Reviewed by Kathryn Metro
Lynn Grodzki’s new book, Therapy with a Coaching Edge, guides professionals who are interested in a model of therapy that incorporates a coaching approach. She begins with a description of the basic model, which is comparable to a combination of traditional psychotherapy and life coaching. She then explores a set of nine specific coaching skills, including asking motivating questions and being more reactive. Grodzki has designed the book to be flexible and suitable for people with varying interests so that professionals can either adopt the complete model or select the concepts and skills that appeal to them the most.
Grodzki clearly states that although she appreciates the value of life coaching, she does not believe that everyone is suited for the approach and that it is geared for a narrow population. The ideal client for a coaching method is one who has a moderate mental health diagnosis, functions normally in most parts of their life, are receptive to a directive action-oriented approach, have a capacity for thinking rationally, and could be comfortable working at a quicker speed with a proactive therapist.
Grodzki goes on to explain that an important part of adopting a coaching edge to therapy involves the therapist. To effectively blend the two—coaching and therapy—therapists must be able to set aside their instincts to remain neutral. Therapists must alter their disposition when considering a coaching role, and should express more authentic interest, which will encourage clients to be part of a two-way conversation with the therapist offering substantial guidance as personal opinion.
She emphasizes the importance of questions in a therapy setting; developing impactful questions is a skill that can be used to elicit change. There are several different types of questions that Grodzki uses to help guide her discussions with clients, including the “miracle question.” Therapists use this type of question—“If a miracle happened and this problem of stress vanished, how would life be different?”— to focus on the goal of eliminating the problem. Not only does Grodski list explicit questions to ask, she also includes tips on how and when to ask them.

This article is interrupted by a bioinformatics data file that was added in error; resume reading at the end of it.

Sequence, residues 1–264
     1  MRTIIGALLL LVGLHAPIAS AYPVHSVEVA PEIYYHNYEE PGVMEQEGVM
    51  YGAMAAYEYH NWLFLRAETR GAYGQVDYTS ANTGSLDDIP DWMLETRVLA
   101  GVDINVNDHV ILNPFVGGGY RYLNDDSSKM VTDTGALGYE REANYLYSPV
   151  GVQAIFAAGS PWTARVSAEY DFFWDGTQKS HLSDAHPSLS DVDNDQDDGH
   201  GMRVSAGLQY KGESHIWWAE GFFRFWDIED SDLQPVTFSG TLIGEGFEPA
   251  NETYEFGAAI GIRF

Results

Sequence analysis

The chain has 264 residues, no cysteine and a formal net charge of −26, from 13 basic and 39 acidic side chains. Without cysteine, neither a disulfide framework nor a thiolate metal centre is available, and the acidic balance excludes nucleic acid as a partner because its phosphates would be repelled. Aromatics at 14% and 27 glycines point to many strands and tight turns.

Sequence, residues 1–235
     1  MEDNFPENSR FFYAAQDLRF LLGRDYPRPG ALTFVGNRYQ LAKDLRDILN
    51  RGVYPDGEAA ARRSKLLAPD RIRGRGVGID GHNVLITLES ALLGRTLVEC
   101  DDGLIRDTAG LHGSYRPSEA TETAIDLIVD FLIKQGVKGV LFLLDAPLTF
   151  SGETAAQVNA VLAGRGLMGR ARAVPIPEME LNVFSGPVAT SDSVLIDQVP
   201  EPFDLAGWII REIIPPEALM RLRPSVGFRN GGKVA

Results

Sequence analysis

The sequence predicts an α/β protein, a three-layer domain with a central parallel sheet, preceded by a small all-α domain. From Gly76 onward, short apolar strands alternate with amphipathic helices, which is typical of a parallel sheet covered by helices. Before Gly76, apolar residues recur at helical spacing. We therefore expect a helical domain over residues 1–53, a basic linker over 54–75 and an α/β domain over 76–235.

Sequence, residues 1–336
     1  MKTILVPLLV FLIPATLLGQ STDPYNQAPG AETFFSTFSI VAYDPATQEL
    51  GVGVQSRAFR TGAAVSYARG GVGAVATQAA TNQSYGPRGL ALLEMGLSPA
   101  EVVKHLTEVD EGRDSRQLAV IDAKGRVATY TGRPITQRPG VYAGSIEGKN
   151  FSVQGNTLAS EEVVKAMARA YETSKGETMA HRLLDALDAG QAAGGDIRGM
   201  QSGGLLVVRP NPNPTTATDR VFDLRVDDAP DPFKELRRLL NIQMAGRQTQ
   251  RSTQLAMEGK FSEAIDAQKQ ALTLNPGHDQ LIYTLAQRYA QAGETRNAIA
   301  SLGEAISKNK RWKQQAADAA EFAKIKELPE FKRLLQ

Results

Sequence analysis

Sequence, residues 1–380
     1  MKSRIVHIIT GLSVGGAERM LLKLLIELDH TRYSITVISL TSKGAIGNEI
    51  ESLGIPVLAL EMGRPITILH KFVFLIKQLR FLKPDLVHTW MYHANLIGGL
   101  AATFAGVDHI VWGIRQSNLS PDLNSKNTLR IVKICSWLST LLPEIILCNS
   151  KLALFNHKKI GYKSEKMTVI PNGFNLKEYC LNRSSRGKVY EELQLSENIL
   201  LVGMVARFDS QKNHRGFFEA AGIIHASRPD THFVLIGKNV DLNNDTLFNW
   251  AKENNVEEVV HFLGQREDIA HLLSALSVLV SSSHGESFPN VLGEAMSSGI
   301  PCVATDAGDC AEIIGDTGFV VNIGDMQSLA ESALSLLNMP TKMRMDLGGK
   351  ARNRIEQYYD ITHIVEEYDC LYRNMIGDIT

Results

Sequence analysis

Lynn Grodski’s new book legitimizes a therapeutic model that some therapists may have attempted. The book provides explicit advice and examples that are useful in different circumstances. For patients that express interest in meeting specific goals perhaps in a certain amount of time, a coaching model may be beneficial. In a world that is increasingly goal oriented, therapy that is focused on achieving positive outcomes quickly will likely only become more popular. Grodzki provides a novel guide to navigating this approach.
Lynn Grodzki is a business coach for small business owners, and she specializes in working with helping professionals. She is a Licensed Clinical Social Worker in private practice for over twenty-five years and a Master Certified Coach, and she maintains a psychotherapy private practice where she specializes in working with adults who are successful in some areas of life and need help in others.
Kathryn Metro studies applied psychology at New York University and is set to graduate in 2021. She has interned in classrooms in the Greater New York City area, and has interests in communications, Spanish, and working with children.